We all understand the value of maximizing our time and resources, and that includes the people in our lives. Friends and family members are quick to lend a helping hand and make our lives easier, but do you ever ask your veterinarian for more help? Your veterinarian certainly doesn’t have all the answers, but their experience, knowledge and network of contacts are resources that can positively impact your operation and employees.
The most important message I want to share is to think more broadly when it comes to working with your veterinarian. Many times the knowledge, expertise and problem-solving abilities of your veterinarian are not utilized to their fullest potential.
If you are experiencing a challenge on your dairy, and haven’t done so yet, talk to your veterinarian about it. Share insights about your dairy beyond just animal health issues. Many times these issues are inter-related and sharing them will help your veterinarian prevent and diagnose a problem sooner and more effectively. The more you communicate with your veterinarian, the more successful your dairy can be.
One of the ways you can share additional information with your veterinarian and add value to your operation is in the area of record-keeping. Consider the following types of records to evaluate routinely with your veterinarian: vaccination, reproduction, antibiotic treatment usage and success, animal health, and production information.
A records review meeting should be held every two to four weeks, or more frequently as necessary. These records contain a wealth of information that can help you and your veterinarian make informed decisions that will benefit your animals and your operation.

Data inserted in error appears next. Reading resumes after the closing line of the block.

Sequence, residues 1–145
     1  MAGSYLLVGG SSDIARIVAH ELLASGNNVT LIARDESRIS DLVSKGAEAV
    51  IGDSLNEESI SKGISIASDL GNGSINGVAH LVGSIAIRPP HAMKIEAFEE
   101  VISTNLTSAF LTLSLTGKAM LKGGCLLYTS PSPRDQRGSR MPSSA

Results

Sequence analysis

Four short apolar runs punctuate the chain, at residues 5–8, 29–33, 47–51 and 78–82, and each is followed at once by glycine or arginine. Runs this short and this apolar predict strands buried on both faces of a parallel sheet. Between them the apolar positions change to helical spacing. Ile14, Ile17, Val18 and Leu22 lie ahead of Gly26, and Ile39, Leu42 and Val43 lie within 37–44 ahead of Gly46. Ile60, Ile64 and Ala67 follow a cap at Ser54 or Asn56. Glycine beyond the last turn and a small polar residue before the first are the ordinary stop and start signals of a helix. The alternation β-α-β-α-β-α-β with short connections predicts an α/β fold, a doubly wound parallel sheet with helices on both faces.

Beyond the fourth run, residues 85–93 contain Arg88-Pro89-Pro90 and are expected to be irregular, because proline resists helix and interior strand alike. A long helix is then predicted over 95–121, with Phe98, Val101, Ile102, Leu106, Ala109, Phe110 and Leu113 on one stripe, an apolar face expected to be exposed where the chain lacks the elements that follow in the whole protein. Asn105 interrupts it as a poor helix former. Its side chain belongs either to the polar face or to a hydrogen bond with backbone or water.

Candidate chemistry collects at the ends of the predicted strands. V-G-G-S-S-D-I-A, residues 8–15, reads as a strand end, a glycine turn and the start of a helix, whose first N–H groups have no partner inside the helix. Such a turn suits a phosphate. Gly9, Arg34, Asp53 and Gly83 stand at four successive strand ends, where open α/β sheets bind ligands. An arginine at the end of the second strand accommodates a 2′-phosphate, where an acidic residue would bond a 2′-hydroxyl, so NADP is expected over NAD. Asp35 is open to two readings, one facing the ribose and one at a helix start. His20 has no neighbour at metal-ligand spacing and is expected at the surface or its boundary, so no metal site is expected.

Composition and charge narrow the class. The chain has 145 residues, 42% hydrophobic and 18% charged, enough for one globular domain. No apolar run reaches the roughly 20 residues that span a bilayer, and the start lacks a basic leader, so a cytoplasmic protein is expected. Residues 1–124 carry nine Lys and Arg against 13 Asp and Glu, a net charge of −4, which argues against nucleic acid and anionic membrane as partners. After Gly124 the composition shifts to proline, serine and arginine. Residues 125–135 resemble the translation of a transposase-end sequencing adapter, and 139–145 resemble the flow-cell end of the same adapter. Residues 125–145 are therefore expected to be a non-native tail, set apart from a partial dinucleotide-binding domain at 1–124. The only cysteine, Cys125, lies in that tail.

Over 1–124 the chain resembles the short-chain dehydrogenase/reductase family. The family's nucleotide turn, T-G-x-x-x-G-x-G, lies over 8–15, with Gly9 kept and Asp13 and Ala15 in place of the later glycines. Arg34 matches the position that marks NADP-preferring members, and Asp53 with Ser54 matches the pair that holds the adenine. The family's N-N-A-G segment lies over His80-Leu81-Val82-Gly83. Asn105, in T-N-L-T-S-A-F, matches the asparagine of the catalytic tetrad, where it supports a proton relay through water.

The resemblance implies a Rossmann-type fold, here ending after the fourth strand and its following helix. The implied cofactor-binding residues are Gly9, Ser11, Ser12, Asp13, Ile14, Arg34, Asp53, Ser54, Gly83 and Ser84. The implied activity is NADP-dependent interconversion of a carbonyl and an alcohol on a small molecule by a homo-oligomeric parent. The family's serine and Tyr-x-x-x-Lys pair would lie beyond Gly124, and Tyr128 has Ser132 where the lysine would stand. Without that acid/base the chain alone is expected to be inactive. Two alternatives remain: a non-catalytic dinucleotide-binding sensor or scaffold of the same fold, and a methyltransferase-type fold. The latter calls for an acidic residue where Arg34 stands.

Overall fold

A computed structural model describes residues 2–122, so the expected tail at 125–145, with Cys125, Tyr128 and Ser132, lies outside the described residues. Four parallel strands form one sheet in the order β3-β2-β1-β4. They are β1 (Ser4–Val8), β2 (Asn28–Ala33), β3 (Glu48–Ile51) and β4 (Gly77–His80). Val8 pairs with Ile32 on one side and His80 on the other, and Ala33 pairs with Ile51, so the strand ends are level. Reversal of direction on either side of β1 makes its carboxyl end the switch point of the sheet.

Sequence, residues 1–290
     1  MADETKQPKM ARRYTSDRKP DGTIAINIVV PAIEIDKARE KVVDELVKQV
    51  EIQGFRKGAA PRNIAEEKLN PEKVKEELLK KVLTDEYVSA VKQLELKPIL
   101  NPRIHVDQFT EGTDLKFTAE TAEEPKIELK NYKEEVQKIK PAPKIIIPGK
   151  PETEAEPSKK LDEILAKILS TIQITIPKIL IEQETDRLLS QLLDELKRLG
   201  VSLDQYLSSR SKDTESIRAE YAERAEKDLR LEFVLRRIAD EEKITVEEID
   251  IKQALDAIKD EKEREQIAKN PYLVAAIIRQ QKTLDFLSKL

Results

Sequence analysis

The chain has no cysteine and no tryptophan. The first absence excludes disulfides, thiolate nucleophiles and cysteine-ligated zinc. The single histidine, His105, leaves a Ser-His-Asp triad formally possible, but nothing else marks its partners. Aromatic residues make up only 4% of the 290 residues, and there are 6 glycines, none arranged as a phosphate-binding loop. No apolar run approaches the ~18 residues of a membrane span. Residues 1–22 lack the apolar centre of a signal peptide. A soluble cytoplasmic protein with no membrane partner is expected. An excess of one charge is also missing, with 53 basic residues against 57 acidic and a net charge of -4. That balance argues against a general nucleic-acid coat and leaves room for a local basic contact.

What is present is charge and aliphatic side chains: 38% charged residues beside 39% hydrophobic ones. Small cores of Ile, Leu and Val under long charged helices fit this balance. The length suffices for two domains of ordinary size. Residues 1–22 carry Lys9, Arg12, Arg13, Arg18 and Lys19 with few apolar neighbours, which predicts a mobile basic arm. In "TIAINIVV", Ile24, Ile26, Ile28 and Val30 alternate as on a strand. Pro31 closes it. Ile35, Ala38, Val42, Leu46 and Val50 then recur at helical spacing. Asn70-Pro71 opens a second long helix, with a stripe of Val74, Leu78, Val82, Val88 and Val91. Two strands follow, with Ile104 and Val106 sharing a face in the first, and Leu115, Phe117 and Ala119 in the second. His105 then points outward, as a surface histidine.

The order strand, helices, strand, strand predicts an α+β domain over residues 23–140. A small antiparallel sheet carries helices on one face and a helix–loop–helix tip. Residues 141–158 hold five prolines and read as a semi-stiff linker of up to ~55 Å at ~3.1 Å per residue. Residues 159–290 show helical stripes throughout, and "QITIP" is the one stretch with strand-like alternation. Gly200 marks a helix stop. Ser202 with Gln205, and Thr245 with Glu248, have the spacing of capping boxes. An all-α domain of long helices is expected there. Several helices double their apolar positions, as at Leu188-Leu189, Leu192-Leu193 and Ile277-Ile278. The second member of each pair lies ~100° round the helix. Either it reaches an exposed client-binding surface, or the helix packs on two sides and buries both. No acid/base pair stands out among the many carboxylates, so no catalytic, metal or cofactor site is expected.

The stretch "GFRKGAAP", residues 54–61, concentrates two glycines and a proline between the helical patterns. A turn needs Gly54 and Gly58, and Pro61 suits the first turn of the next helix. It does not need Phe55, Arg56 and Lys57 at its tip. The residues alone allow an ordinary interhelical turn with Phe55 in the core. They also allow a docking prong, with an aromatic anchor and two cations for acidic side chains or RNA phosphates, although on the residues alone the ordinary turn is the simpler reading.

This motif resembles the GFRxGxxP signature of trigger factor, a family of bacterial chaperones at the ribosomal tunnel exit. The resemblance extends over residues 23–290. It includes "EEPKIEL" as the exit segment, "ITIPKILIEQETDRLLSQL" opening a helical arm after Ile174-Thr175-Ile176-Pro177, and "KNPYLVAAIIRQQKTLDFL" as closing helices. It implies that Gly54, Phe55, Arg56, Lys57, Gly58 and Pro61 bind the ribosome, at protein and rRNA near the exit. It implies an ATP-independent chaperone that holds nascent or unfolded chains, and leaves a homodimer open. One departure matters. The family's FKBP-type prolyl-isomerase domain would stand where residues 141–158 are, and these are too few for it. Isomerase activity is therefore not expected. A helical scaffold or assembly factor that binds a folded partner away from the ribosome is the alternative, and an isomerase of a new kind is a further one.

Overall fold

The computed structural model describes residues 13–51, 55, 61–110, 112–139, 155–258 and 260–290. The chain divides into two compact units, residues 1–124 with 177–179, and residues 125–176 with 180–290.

Prevention is the name of the game, and there are a number of ways to work with your veterinarian to not only mitigate risk, but to maximize production, provide a safe, high-quality product and have a positive impact on welfare and well-being. Veterinarians know you are going to be challenged in your day-to-day operations and occasionally suffer unexpected losses or hardships; however, he or she still wants to help you to minimize risks and avoid catastrophes.
There are ways to minimize risks in all areas of your operation. The first one that comes to mind is having an effective vaccination program to control and prevent diseases. Compliance is another important area to consider in mitigating risk. Consistency in administering products and breeding animals at the correct time is critical to the success of your dairy and can be a hidden source of challenge.
Maintaining proper milking machine function and following associated milking, housing and bedding procedures will keep your cows healthy and producing safe, high-quality milk. Farmers have always been committed to the environment, but today it’s even more critical to have a sound environmental program on the dairy. There is no room for error in today’s landscape. Talk to your veterinarian about ways you can mitigate these and other risks on your operation.
Standard operating procedures should be standard
Wouldn’t you agree that consistency is important on many levels when it comes to managing your dairy? The best way to ensure consistency is to define protocols, through standard operating procedures (SOPs), for various management areas and to communicate them to your employees. As a result of better employee communication, SOP development and training will increase employee success and satisfaction, which benefits everyone.
Your veterinarian will be a great resource in not only writing the procedures but also helping to train your employees. If you don’t already have written plans, I encourage you to make it a goal to work with your veterinarian to develop them this year. The SOPs should be reviewed annually or when a change in protocol is required.